Aisha Hassan’s lifelong fascination for developing countries
Aisha Hassan came to the Netherlands when she was two months old. Her mother had fled Somalia and made a new home here. Aisha doesn't remember much about that time, but her mother’s stories about Somalia ignited a lifelong interest in developing countries. ‘Her stories have always fascinated me.’
For example, Aisha remembers lively discussions about politics at the kitchen table at home with her mother. ‘This stimulated my interest in politics.’ Hassan almost chose to study International Relations. However, at an open day the important position of culture in International Studies won her over. ‘I thought, this is actually a lot more fun, and culture plays a big role in politics and the global economies.’ As her region of specialisation, she chose Africa, and she picked Swahili as her language.
Microfinancing in Tanzania
The internship that Aisha did during International Studies in 2018 left the biggest impression. She chose to do an internship in Tanzania, where she participated in the Young Entrepreneurship Program of the Sengerema Foundation: an NGO that helps individuals to apply for microcredits and provides financial support to young entrepreneurs through coaching and training programmes. ‘The country and its politics had already been discussed a lot during my studies. At the time, I really felt the need to put all the theory I learned into practice and noticed that the culture courses I had taken were very important.’
For example, she charted the struggles of commercial microfinance institutions. ‘It was very difficult for them to get money back from the loans they extended to entrepreneurs. Oftentimes, the money that they borrowed had not been put into their companies but had gone to the family, for example because there was a funeral that needed to be paid for. In Tanzania there is no distinction between work and family.’ That made her think and motivated her to choose her master’s degree. ‘This provides me with opportunities to learn more about these phenomena.’
'Don't ignore nature when we talk about people'
In 2019, Aisha opted for the master's in International Development Studies at Wageningen University & Research (WUR), specifically for the track politics and government, which deals with the origins of specific development problems. There is also a focus on sustainability. ‘That really appealed to me. When we talk about people, we cannot ignore nature. I notice that these kinds of topics are not discussed in the international arena.’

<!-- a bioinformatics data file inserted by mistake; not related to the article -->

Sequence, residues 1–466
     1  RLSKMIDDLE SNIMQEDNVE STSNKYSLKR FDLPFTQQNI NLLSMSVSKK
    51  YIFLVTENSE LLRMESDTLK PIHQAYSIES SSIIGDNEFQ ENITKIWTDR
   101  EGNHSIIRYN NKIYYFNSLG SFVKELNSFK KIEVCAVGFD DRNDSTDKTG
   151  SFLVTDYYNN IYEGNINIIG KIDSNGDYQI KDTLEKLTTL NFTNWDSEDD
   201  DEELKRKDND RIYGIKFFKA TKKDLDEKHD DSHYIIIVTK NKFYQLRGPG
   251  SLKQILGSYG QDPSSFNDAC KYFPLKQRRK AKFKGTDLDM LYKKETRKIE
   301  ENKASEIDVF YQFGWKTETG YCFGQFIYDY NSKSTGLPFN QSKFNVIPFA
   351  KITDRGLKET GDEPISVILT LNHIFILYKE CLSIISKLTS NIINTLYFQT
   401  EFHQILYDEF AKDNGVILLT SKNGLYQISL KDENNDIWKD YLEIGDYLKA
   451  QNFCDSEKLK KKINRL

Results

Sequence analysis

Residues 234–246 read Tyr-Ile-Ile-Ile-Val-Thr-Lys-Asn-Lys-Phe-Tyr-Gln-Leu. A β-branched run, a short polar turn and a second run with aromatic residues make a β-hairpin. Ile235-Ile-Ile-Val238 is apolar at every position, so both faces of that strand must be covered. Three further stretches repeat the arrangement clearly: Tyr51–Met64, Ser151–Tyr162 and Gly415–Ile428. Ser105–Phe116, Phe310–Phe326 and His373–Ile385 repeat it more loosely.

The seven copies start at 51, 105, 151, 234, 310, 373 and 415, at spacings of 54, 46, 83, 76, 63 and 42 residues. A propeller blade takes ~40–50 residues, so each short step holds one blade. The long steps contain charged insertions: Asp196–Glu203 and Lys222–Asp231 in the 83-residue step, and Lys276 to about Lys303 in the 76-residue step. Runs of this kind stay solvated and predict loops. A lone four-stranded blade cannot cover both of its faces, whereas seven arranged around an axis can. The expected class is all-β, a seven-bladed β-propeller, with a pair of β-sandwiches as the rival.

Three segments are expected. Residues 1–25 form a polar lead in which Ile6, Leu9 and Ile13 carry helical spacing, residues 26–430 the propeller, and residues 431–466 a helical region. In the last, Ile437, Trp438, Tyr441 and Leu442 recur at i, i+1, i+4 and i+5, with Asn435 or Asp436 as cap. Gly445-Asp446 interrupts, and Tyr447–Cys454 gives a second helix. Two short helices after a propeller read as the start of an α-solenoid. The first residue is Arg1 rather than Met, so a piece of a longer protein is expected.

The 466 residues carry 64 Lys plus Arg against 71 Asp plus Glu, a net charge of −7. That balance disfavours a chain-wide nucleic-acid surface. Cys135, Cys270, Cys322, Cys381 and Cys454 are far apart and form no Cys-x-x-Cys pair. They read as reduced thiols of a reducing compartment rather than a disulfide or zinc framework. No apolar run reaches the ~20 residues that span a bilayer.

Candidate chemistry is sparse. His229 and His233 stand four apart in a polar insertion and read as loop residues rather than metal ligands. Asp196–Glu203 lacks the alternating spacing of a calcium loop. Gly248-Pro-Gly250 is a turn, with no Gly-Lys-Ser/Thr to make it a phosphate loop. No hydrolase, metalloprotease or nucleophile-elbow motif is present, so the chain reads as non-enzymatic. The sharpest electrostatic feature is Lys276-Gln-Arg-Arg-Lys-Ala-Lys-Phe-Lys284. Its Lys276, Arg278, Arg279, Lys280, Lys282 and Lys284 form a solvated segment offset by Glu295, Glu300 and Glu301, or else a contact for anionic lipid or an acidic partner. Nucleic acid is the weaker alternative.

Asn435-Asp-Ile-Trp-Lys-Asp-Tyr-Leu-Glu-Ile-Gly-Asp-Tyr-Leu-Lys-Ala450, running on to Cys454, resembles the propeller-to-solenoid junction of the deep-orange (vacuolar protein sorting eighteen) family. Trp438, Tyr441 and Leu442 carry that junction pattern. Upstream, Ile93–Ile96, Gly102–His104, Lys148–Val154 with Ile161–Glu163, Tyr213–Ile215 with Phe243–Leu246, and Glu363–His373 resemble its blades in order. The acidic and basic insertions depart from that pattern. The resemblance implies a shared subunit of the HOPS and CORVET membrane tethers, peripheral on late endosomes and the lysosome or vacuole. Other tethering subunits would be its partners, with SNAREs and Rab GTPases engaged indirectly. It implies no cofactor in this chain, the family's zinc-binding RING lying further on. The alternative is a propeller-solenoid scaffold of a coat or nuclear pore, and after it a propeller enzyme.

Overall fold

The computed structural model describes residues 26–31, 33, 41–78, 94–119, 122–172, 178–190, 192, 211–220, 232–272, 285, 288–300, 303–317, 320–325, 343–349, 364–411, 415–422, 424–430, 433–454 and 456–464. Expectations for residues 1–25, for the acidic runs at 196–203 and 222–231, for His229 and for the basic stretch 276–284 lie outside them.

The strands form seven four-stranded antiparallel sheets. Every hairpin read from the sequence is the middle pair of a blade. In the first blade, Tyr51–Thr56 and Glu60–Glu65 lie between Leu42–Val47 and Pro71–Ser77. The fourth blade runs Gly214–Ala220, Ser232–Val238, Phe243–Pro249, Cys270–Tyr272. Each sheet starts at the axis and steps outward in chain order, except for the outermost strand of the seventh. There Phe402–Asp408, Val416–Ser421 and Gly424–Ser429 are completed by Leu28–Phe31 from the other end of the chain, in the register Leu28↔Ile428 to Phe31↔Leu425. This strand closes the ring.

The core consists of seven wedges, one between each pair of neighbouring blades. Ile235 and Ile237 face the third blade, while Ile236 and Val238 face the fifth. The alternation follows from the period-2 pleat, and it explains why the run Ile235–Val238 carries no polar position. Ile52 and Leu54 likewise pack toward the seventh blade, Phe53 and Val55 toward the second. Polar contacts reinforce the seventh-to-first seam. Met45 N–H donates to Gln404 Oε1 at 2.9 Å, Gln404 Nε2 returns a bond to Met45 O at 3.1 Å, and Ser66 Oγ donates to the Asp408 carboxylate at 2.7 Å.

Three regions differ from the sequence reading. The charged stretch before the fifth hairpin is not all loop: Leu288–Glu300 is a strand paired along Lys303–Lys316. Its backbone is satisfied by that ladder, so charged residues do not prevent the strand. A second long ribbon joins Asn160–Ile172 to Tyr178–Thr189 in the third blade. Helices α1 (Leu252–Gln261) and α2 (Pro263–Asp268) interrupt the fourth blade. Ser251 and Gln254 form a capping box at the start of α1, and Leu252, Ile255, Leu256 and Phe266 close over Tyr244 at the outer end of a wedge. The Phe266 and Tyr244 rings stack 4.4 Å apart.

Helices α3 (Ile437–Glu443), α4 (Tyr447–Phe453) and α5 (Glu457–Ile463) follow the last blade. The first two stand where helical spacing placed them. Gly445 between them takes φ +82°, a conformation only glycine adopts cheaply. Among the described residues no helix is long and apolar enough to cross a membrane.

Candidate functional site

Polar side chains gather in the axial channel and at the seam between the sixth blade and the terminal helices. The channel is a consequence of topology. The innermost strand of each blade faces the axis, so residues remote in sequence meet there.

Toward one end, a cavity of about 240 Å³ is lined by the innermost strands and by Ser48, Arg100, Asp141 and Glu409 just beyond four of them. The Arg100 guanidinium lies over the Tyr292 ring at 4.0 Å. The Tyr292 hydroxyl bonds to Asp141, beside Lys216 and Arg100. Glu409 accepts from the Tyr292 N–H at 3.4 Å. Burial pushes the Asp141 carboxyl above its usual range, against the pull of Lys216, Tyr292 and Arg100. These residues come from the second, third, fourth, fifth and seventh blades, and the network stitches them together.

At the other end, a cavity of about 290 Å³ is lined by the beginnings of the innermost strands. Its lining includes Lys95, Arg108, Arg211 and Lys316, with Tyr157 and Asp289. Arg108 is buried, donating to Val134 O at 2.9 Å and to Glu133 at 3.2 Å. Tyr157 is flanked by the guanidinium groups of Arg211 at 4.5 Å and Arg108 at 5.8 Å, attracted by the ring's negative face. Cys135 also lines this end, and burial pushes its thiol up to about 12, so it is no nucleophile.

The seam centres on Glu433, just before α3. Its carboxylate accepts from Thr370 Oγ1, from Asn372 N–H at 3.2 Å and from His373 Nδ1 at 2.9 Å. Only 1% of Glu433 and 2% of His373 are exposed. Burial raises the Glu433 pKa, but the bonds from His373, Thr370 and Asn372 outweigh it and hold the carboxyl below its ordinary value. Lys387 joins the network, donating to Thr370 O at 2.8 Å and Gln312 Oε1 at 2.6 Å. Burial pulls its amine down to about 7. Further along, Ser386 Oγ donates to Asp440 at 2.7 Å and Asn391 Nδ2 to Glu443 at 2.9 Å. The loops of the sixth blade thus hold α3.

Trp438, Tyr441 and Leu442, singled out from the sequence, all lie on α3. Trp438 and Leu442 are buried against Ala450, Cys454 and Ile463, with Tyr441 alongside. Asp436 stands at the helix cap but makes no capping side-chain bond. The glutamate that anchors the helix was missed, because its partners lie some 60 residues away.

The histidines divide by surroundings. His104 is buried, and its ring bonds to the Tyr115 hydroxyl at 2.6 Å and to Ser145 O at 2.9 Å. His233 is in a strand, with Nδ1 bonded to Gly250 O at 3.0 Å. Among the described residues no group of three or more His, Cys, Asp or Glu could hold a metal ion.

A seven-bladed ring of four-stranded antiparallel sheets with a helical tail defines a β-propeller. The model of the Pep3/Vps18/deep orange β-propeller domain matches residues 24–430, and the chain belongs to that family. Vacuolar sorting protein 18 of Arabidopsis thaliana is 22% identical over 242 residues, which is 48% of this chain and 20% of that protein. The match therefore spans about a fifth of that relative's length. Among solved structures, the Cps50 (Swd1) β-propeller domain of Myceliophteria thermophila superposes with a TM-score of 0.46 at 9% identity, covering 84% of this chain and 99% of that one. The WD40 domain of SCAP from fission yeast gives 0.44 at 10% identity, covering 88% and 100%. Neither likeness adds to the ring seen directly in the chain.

Aisha has already noticed the benefits of International Studies during her time in Wageningen. For example, she worked on a project for the Wageningen Science Shop, the platform that collaborates with social organisations for research. She worked with biotechnology students on a report to get social organisations involved with research on genetically modified plants. ‘For me, the challenge was to come up with one idea together and to discuss different perspectives.’ That is exactly what she learned at International Studies. ‘You can see that there is a connection everywhere. History has an impact on politics, culture has an impact on the rest. You have to keep that in mind and keep making those connections.’
Currently, Aisha is finishing up her master’s degree. Afterwards, she would like to get into academics and research. She has already gotten a taste of that in Wageningen, when a teacher of a course on international political relations asked her to be his teaching assistant for the course. When the time came, the course had to be taught online because of the corona pandemic. That was hard, she recalls, at times she even had to act as a counsellor for students. ‘That gave me an idea of what it would be like to get into academics.’
'Develop extra knowledge on different subjects'
Hassan has tried to get the most out of her time as a student. She recommends other students to do the same. ‘Go to events, network and talk to people. Chase your interests. As a student, there is time to do that. Especially do it if you live in The Hague; you are surrounded by inspiring people and platforms you can make use of.’ Also develop more knowledge in areas you think might be useful, she says. ‘Especially when they fall outside of the regular curriculum. This is the way to learn new things but also to expand your network. After all, you are here to study, so why limit yourself and focus on things you already know?’
Photographer header: Thomas van Beek